The picturesque Cotswold can hardly fail to remind most of us of picture postcards, chocolate boxes and soft schmaltzy classical music but it would be tragic to ignore the vernacular and even worse to turn up the nose at genuine attempt to build modern buildings in these delightful environments.

Edward Cullinan was commissioned to design this residential Study Centre soon after leaving Denys Lasdun’s office and building his own mews house in Camden in 1965.

It may be worth saying a word or two about this generous architect/teacher and now also a Royal Gold Medal winner for 2008, who has influenced hundreds of young architects to carry on the best traditions of a very special ‘romantic pragmatist’ branch of expressionist modern architecture in this country for last half of the 20th century. Calling him ‘collective architectural Dad’ to me is an apt description.

Kenneth Frampton said that Ted  produced “.. an architecture of Resistance” and that in his work    ” .. both landscape and materiality work together to secure the uniqueness of any prevalent and continuing sense of place”

In my humble view this early project from his office encapsulates the gist of the quotation above.

These plans are attributable to Architectural Design, February 1968. It is hoped that the younger architecture enthusiasts could observe that the humble approach to create this subtle and sensitive environment does not use any ‘tight rope tricks’ and yet produces an ageless building which can not fail to enrich all the senses of viewers and users for a long long time to come.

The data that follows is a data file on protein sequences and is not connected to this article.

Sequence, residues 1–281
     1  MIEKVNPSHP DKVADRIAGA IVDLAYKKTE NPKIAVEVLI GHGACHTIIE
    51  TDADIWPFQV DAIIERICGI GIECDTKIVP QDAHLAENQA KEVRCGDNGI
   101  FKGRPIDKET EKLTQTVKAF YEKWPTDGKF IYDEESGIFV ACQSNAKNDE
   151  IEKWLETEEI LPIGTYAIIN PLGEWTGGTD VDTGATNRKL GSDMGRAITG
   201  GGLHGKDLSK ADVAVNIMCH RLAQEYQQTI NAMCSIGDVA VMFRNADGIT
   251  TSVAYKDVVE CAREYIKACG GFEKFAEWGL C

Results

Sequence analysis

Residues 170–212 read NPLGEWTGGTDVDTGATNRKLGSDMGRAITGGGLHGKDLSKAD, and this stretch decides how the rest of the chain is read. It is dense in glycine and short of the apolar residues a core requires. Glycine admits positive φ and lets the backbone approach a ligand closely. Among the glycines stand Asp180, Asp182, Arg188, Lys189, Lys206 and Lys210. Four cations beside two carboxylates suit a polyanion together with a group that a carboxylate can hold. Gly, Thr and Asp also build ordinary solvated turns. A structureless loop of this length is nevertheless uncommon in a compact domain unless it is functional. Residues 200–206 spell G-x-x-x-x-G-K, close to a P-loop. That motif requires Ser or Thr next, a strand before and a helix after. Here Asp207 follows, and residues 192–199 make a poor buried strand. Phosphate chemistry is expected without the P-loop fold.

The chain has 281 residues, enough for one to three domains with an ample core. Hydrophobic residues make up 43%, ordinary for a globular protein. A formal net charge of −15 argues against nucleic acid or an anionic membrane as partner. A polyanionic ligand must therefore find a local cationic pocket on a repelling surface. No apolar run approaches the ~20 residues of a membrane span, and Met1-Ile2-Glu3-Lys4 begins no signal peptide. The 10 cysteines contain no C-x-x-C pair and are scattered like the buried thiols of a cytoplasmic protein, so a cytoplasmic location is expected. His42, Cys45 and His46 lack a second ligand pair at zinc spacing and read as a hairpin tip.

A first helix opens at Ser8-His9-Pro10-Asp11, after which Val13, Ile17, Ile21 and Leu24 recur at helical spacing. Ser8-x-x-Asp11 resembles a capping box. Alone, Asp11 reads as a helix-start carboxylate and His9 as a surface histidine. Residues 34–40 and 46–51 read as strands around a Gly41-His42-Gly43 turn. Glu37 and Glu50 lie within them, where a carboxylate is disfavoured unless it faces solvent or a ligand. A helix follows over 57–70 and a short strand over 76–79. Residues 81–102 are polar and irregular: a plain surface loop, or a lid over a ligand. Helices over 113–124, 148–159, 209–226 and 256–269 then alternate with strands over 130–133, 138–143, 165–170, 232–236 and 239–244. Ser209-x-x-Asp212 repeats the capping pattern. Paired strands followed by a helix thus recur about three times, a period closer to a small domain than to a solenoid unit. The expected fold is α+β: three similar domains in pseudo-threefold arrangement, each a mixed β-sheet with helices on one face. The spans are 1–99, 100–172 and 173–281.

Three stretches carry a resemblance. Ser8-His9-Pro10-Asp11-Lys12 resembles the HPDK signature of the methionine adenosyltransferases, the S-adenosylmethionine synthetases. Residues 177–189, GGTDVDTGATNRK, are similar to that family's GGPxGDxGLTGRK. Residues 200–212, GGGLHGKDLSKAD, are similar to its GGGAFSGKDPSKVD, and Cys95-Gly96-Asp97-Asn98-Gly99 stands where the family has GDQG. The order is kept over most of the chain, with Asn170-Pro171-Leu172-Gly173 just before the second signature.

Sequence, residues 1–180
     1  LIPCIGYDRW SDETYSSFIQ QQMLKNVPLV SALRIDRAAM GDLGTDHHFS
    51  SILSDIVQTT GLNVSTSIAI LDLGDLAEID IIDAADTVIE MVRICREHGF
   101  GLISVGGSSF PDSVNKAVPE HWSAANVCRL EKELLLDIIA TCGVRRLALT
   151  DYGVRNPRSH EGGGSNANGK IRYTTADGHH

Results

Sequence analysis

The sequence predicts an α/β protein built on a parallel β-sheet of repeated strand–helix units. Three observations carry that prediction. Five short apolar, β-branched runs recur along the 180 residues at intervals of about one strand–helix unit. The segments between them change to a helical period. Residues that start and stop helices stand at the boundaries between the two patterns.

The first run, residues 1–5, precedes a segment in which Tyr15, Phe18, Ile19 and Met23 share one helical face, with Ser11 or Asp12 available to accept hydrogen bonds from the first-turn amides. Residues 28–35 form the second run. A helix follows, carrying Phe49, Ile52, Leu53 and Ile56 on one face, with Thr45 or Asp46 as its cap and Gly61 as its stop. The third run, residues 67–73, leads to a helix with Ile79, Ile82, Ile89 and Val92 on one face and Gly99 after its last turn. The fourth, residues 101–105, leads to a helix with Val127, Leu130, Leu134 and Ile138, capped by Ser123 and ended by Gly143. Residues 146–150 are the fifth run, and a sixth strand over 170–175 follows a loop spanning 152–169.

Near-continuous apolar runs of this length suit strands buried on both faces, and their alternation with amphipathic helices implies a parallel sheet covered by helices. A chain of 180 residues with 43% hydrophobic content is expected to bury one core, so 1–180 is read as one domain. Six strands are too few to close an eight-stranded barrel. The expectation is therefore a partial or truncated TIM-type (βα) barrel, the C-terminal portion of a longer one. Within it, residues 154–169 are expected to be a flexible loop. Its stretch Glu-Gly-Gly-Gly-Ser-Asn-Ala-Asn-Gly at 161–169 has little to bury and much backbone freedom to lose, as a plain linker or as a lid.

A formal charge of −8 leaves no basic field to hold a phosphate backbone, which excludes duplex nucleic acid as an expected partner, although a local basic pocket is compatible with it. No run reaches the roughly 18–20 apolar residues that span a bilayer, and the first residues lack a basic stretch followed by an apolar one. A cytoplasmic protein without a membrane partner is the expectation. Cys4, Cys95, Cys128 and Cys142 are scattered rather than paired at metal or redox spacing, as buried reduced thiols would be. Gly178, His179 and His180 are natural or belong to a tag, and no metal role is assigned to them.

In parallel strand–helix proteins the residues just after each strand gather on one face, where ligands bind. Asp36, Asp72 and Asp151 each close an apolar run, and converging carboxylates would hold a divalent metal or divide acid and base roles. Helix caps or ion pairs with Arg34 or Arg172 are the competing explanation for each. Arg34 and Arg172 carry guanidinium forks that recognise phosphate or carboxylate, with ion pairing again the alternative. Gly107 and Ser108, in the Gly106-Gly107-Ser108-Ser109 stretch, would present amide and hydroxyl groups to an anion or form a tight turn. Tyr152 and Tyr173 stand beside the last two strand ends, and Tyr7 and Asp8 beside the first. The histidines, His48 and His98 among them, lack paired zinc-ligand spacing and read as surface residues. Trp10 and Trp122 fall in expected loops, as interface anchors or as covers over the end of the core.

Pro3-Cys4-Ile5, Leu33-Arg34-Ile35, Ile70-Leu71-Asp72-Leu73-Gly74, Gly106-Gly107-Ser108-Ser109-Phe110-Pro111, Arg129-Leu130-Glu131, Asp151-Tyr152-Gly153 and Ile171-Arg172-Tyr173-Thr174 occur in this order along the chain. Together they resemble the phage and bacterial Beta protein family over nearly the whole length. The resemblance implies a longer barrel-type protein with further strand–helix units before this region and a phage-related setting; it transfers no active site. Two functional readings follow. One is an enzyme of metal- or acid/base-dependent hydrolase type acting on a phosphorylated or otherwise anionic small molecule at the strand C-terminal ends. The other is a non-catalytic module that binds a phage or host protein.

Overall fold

The three buildings in dark lines were the existing structures. The main house was converted to a common room, dining room, kitchen and offices; a malt house is now a library; and the barn now houses the conference rooms.

The cross section (left to right) Roof forming cloister round the courtyard; Section through the new main residential block, cloister run next to the boundary wall at the back;  Cross section through barn and conference room.

Top left. The old malt house now a library opposite, the old house now connected to the new long housing wing.Bottom right. The footpath passes between the conference rooms on right and new bedrooms on left and leads to the staff houses at the far end of the site. Note the use of insitu concrete and concrete blocks with simple stained timber and stone walls and roofs.The new residential wing turns at right angles and reaches the river, enclosing the communal space and separating the staff quarters. The end elevation of this new bedroom block helps to define the river’s edge.

Top left. Conference centre with cloister link with residential block; Bottom right. As you leave the village, all you see is the back of the old house and the stone boundary wall forming cloisters behind the residential block.  This was my second visit to see the building after about 30 years and I almost missed the building because it was so well merged in its surroundings.